From: Rakesh Bhandari (rakeshb@stanford.edu)
Date: Sat Sep 22 2001 - 01:57:41 EDT

re Allin's 5986

Even that, it seems to me, is highly questionable.  I admit I'm on
less firm ground here.  I'm not a TV watcher, but I did watch CNN and
NBC closely for a couple of hours or so on September 11th.  My
comments have to be taken as applying to the "real time" coverage; I
can't speak about subsequent regurgitation.

Anyway, when I saw the "celebration in Palestine" footage on that

(a) It confirmed what I had read half an hour earlier at the
Washington Post's website, in a brief from their Israel

(b) The clip was very short.

(c) The clip was bracketed by a report that Arafat had condemned the

I think the clip had been shown for hours on (e.g.) Fox  before this was 

(d) The news anchors went out of their way to say they had no
evidence this was representative of the reaction of Palestinians in

don't remember this being said on fox or nbc in the immediate aftermath of the 
bombing. jennings at abc seemed to have been careful throughout.  but the 
reporting did indeed change on all the networks over the course of the day. we 
don't get cnn however. had been looking at fox, nbc, cbs, abc.

 Far from encouraging viewers to conclude that all
Palestinians were delighted at the deaths of Americans, they seemed
concerned to forestall that conclusion.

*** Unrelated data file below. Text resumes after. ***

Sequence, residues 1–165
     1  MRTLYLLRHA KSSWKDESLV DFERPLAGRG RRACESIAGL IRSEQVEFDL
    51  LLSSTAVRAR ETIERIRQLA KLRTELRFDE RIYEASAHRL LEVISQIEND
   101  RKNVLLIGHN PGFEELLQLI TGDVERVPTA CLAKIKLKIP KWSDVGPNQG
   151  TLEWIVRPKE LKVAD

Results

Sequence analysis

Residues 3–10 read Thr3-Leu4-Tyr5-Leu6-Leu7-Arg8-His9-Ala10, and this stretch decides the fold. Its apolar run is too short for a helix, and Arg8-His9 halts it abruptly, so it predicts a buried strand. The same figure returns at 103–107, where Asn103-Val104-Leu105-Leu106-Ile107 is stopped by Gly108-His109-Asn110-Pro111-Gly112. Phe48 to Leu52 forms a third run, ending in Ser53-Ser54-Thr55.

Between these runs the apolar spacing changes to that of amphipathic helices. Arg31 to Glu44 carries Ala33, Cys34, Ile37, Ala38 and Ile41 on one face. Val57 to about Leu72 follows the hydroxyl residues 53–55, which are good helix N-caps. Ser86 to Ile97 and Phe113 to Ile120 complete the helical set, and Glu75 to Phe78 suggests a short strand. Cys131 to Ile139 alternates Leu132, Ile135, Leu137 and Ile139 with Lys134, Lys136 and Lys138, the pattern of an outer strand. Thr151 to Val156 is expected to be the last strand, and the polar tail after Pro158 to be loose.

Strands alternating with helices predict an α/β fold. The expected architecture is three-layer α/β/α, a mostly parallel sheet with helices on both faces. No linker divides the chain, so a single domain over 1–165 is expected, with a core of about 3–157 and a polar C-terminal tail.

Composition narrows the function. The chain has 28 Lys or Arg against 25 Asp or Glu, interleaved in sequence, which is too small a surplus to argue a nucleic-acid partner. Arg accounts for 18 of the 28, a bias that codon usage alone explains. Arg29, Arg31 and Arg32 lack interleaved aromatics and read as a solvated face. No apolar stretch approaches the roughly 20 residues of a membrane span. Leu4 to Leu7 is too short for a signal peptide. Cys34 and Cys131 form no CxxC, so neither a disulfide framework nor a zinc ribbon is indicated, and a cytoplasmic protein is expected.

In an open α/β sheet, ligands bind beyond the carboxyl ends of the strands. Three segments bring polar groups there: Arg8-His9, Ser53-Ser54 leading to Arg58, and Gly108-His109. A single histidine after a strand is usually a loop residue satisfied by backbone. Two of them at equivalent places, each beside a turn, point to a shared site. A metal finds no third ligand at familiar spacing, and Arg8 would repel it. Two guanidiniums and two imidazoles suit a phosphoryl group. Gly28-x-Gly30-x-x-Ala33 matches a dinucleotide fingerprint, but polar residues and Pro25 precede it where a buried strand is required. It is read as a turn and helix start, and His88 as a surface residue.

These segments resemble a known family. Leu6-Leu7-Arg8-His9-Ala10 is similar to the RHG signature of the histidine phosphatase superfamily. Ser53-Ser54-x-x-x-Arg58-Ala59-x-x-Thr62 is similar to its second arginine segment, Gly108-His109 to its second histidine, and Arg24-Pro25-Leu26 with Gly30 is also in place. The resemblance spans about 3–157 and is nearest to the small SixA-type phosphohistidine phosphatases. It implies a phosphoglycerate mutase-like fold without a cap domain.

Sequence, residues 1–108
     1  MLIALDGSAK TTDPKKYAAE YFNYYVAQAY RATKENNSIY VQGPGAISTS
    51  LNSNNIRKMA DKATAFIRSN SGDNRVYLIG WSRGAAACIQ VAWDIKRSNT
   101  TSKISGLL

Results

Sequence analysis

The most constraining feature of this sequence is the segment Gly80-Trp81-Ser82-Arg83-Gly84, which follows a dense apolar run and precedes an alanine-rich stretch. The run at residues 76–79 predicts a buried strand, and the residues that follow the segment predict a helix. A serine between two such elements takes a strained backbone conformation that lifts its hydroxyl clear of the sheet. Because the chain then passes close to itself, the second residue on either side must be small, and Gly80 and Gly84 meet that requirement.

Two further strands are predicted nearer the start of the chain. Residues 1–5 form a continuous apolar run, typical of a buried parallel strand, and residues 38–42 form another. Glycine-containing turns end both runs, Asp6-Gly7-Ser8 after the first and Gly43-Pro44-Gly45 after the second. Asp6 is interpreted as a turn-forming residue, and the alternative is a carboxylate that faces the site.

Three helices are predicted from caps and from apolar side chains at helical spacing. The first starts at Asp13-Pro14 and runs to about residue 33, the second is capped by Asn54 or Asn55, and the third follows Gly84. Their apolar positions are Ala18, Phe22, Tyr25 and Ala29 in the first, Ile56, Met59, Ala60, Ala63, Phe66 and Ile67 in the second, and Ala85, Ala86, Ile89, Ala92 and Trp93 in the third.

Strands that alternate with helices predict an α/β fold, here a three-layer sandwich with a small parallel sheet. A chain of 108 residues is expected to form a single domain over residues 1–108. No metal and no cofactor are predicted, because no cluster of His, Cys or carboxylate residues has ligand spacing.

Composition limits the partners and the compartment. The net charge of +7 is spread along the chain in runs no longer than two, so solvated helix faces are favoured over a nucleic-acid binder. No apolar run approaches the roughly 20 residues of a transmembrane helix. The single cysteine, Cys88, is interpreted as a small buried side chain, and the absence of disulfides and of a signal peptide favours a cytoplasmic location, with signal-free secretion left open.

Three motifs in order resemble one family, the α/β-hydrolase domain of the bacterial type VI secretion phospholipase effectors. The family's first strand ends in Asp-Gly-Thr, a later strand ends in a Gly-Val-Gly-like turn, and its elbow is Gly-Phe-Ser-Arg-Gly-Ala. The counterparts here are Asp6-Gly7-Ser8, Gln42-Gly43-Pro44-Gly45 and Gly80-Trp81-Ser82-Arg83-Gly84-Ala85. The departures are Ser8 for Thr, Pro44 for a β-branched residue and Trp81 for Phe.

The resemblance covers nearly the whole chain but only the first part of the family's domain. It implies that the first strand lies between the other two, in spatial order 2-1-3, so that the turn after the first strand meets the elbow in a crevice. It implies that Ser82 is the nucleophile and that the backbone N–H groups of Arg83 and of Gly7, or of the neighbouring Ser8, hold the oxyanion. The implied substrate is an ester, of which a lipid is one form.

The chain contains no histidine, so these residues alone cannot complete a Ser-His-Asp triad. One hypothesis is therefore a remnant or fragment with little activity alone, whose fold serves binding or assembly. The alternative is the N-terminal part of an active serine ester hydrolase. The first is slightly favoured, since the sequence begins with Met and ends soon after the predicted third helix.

yes indeed this has been the message since.

I remember the last point clearly, because when I first read of
jubilation in Nablus at washingtonpost.com it was immediately clear
to me that this was potentially very bad news for Arabs (and, as
Rakesh says, anyone with a brown skin) in the US.  So when the item
came up on TV I was watching closely to see how they'd handle it.  As
it happens, I was quite favorably impressed.

as i tried to say earlier, i am worried about our being shunned by those who do 
not even intend to do so. despite the many appreciated official pronouncements, 
i am worried about what happens at a 'preconscious' level, of the way in which 
people  position their bodies vis a vis us, and the possible policy 
consequences (re: e.g. immigration law).

there is no question that the situation would be much worse if not for the 
official pronouncements which have been reported. 

what is compounding the problem however is what seems to me a systematic under-
reporting of the harrassment to which people have been subject. perhaps this 
has been covered to your satisfaction?  i gave the example of the stabbing in 
sf last friday night. three arab men were forced off a plane yesterday or today 
by passengers who refused to fly with them--we'll see what kind of attention 
this gets. i heard on the pacifica network that there is a columbia prof of 
journalism (indian surname) doing an on-going analysis of this under-reporting.


 Amidst all the reports
of shock and outrage, and the messages of solidarity, pouring in from
around the world, a report of celebration was certainly newsworthy,
but I don't think it was overplayed.


again: no one was interviewed--not the celebrators or the on-lookers (who did 
not even enter in the picture). so it seems to me to have been a pernicious use 
of imagery. we don't know what these kids were thinking, what they were happy 
about, why they were happy, etc. Maybe they were celebrating the hit on the 
pentagon, not the world trade center. maybe they didn't even know what the 
latter was. who knows? seems to be irresponsible journalism to me. but there 
are many worse examples of journalistic abuse.

Rakesh N Bhandari.

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